China Eastern Airlines and China Southern Airlines are planning to introduce battery-free electronic baggage-checking tags, that allow passengers to track the luggage status on their mobile phones, at the Beijing Daxing International Airport from next month.
Passengers can apply for e-tags on their cellphone apps. The e-tag is similar in size to an iPhone 8, and is like an ID card for the suitcase. When passengers arrive at the airport, they can self-check-in the luggage with the e-tag and self-service machines, and check luggage status by scanning the bar code, the two State-owned carriers said.
Through the apps, the systems will generate bag tag numbers and transmit the data to the e-tag through Bluetooth. After a few seconds, the electronic ink screen of the bag tag will display information such as the bar code and flight numbers.
Every year, about 250 million paper baggage-checking tags are produced in China, which requires a huge amount of special printers and disposable materials, costing over 100 million yuan ($14.5 million).
Last year, civil aviation passenger volume reached 610 million in China, according to the Civil Aviation Administration of China. Replacing all paper tags with e-tags could help save about 150 metric tons of paper.
On July 25, China Southern became the first domestic carrier to use e-tags on its flights from Guangzhou, Guangdong province. On July 30, China Eastern started to use e-tags on flights between Shanghai and Beijing. In the next few years, China Eastern said it will use e-tags at more major routes and hub airports, and will also provide individual tailored e-tags.
"We have been devoted to developing and launching more services and facilities that would make travel more convenient," said Yao Yun, deputy general manager of the global baggage control center at China Eastern Airlines.
"Besides, China Eastern has been in touch with the Daxing airport, and remote luggage drop and affiliated services would be introduced at a later stage, backed by advanced technologies and sound regulatory measures," he said.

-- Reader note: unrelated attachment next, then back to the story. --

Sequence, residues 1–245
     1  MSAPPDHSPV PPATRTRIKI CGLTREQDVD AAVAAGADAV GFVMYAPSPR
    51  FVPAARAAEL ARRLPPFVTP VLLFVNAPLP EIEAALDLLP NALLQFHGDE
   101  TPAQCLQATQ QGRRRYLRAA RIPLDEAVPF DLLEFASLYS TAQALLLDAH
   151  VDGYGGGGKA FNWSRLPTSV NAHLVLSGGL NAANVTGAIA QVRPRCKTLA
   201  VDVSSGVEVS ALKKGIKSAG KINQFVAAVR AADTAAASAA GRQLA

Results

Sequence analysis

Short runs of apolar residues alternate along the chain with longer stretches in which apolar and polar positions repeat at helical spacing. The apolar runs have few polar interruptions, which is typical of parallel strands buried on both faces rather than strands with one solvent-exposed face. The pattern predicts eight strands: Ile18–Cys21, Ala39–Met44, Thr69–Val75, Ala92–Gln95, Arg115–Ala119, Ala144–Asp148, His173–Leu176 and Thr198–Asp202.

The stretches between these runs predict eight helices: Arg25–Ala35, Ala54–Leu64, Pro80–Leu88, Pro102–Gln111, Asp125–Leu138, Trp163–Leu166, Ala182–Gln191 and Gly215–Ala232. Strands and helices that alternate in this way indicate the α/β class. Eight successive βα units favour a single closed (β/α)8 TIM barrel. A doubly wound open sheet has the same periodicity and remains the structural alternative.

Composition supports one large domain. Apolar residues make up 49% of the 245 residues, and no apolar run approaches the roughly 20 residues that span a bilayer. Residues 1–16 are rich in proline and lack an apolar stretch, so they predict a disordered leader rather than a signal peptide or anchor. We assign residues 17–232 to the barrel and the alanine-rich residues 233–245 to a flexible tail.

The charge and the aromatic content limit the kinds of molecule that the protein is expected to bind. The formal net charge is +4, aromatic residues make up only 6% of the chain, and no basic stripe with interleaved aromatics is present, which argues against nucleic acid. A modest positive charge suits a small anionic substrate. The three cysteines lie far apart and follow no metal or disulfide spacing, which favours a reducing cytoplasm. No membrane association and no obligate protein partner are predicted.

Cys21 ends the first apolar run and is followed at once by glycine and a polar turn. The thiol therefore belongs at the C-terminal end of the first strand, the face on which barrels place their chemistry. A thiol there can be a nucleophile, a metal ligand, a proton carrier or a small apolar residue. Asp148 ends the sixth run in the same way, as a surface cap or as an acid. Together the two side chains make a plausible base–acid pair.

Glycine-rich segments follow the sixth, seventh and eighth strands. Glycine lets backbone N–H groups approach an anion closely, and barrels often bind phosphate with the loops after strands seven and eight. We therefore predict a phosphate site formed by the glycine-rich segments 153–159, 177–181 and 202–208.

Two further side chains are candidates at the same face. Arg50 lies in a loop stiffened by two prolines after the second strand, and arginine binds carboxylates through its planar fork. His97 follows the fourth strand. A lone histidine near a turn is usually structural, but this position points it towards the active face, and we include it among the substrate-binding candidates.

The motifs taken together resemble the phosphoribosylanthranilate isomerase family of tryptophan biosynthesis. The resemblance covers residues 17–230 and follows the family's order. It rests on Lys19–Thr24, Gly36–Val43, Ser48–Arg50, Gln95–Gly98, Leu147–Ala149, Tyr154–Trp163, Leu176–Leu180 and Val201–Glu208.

This year, China Eastern is expected to transport 50 million units of luggage. The cost of paper tags and disposable chips for luggage tracking would be around 20 million yuan to 30 million yuan. Replacing paper tags by e-tags would lead to huge cost savings, the company said.
Such reusable e-tags are waterproof, and the images can be saved permanently or changed easily. The e-tags show images by reflecting natural light, and produce electricity through a near-field communication sensor. The technology is in accordance with the baggage check-in requirements of the Civil Aviation Administration of China.
When it comes to the overseas markets, Lufthansa, Austrian Airlines, British Airways and all major US carriers have started trying out e-tags for some years, and they have not popularized the usage yet.
British Airways cooperated with ViewTag, a digital luggage tag company, and its tag can be used repetitively for more than 3,000 times. From October, the price of such tags will increase to 80 pounds ($90) from 64 pounds during the promotional period.
"The preferred solution would be electronic ink bag tags as it requires no power to maintain its content and only requires power when the content needs to be changed," a guideline from the International Air Transport Association said.
IATA also said during the four key points of luggage transportation, which are luggage delivery, loading, transit, and arrival, carriers should be able to track the luggage and reduce the chances of lost baggage and wrong transfers.
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